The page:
When the Lamb broke the seventh seal, there was silence in heaven for what seemed like half an hour (Rev. 8:1, CJB).
This week, our Mussar group is working on the virtue of silence (see www.rivertonmussar.org), but silence is the last thing you’d expect in heaven. Heaven’s the scene of unending, and loud, worship and praise. Just a few verses before the one above, John, the seer of Revelation, saw “a huge crowd, too large for anyone to count, from every nation, tribe, people and language . . . and they shouted [or cried out with a loud voice] . . .” (Rev. 7:9–10, CJB). Before that, he had seen an even bigger and noisier crowd:
Then I looked, and I heard the sound of a vast number of angels—thousands and thousands, millions and millions! . . . And they shouted out, “Worthy is the slaughtered Lamb to receive power, riches, wisdom, strength, honor, glory and praise!” And I heard every creature in heaven, on earth, under the earth and on the sea—yes, everything in them—saying, “To the One sitting on the throne and to the Lamb belong praise, honor, glory and power forever and ever!” (Rev. 5:11–13, CJB).
Worship bursts forth in words and music and loud voices, and heaven is a noisy place—so what is this sudden silence about?
We get a clue in the next verse, which will also provide a clue for our own practice of silence:
When the Lamb broke the seventh seal, there was silence in heaven for what seemed like half an hour. Then I saw the seven angels who stand before God, and they were given seven shofars (Rev. 8:1–2, CJB).
Silence prepares the heavenly scene for the sound of the shofar, which is about to announce God’s judgment. The shofar-blast that puts humankind on notice and calls them to return to God can be truly heard only when other sounds are silenced. We hear God’s voice most fully when other voices are still.
As I’m writing this, we’re in the month of Elul, whose traditions include a daily sounding of the shofar to help us prepare for the High Holy Days. On Rosh Hashanah, at the conclusion of Elul, the shofar will be a dominant theme. Rambam, also known as Maimonides, describes what this shofar is trying to say:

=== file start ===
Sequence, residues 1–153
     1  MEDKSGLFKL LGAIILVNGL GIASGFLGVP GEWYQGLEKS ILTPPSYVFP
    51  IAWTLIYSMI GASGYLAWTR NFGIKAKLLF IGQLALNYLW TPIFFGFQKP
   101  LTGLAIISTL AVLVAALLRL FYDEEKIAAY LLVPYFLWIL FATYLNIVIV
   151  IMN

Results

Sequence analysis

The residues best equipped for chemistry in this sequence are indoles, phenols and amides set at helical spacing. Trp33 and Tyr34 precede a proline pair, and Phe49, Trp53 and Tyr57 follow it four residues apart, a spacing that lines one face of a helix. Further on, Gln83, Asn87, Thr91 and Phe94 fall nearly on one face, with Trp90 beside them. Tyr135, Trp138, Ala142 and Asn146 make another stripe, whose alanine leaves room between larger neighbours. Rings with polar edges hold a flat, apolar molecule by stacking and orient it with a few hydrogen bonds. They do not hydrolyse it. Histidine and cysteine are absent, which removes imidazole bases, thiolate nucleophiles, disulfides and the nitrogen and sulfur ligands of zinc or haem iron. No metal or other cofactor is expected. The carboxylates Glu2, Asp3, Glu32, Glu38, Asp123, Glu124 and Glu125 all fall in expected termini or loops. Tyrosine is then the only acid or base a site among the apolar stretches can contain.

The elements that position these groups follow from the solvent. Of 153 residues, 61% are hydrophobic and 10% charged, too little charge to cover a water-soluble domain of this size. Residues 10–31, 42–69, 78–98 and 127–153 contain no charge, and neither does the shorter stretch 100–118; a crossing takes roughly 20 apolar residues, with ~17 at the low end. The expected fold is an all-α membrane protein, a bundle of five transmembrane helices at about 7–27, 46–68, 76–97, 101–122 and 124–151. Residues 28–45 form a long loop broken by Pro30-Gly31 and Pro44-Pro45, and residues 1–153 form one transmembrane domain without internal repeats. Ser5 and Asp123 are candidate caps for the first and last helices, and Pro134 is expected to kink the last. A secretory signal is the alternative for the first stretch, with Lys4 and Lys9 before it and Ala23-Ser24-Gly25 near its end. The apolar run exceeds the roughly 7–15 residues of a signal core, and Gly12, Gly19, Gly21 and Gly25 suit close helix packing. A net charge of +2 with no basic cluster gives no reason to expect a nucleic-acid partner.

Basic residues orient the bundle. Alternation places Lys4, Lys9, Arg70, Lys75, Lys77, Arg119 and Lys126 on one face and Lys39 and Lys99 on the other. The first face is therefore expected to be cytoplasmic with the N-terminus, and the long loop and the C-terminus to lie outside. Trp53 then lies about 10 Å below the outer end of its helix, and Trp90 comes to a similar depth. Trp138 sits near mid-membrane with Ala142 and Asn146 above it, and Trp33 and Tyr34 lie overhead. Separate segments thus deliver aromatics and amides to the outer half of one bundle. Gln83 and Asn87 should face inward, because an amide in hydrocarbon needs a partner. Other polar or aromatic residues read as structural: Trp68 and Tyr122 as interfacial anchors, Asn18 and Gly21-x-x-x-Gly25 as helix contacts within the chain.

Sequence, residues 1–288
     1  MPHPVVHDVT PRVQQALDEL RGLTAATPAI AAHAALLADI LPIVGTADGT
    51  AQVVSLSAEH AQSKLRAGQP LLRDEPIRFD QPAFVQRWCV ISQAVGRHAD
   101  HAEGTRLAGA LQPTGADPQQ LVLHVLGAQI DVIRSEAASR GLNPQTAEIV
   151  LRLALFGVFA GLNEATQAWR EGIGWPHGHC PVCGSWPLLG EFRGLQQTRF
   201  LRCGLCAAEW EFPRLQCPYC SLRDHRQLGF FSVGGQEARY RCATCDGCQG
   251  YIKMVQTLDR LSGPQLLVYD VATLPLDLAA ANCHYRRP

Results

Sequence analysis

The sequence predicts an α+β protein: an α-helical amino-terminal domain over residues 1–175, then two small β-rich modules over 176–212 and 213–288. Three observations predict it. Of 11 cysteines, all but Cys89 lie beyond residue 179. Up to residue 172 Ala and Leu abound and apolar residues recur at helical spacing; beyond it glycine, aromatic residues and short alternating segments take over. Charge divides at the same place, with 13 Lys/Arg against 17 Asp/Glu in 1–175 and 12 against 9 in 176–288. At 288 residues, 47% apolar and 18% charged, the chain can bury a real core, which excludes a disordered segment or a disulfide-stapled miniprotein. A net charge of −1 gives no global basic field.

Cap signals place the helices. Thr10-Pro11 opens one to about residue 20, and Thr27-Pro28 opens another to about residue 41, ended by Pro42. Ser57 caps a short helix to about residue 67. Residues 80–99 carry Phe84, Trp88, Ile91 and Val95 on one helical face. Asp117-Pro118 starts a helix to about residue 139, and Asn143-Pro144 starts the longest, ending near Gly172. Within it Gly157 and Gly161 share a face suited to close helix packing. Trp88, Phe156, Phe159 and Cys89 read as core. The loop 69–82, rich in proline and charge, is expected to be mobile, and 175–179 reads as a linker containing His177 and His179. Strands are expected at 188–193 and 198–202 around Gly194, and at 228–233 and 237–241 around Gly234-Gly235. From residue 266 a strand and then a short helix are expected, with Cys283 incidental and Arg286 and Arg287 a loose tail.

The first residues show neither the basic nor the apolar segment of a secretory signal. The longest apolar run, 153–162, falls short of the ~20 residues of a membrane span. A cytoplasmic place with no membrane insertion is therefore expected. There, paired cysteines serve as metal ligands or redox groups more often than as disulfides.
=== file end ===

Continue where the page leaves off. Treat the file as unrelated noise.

Awake, O sleepers, from your sleep! Arouse yourselves, O slumberers, from your slumber! Scrutinize your deeds! Return with contrition! Remember your Creator! . . . Peer into your souls; improve your ways and your deeds. Each of you should abandon his evil ways and his bad thoughts (from Hilchot Teshuva).
This, of course, is the message of Elul and the High Holy Days. The same Jewish tradition that tells us to sound the shofar on those days insists that it’s not normally sounded at any other time. The shofar’s voice at Elul is enhanced by the silence that preceded it. During the holy days when the shofar is sounded, we’re to reduce all the other voices that normally fill our ears. We can also bring silence into our daily practice, not only during Elul, but throughout the year, as we learn to sit (or stand, kneel, or lie) quietly in God’s presence. It’s a simple practice of shutting down the computer, silencing the iPhone, closing the books, and being still, at least for a few moments at a time. Of course, our mental noise might continue, and we can address that with practices of meditation that are described at Riverton Mussar.
For now, my point is simple: the voice of the shofar—the voice that puts the world on notice and calls us back to the Lord and his ways—is preceded by silence. Such silence is not just the absence of sound, but preparation to hear the voice of God.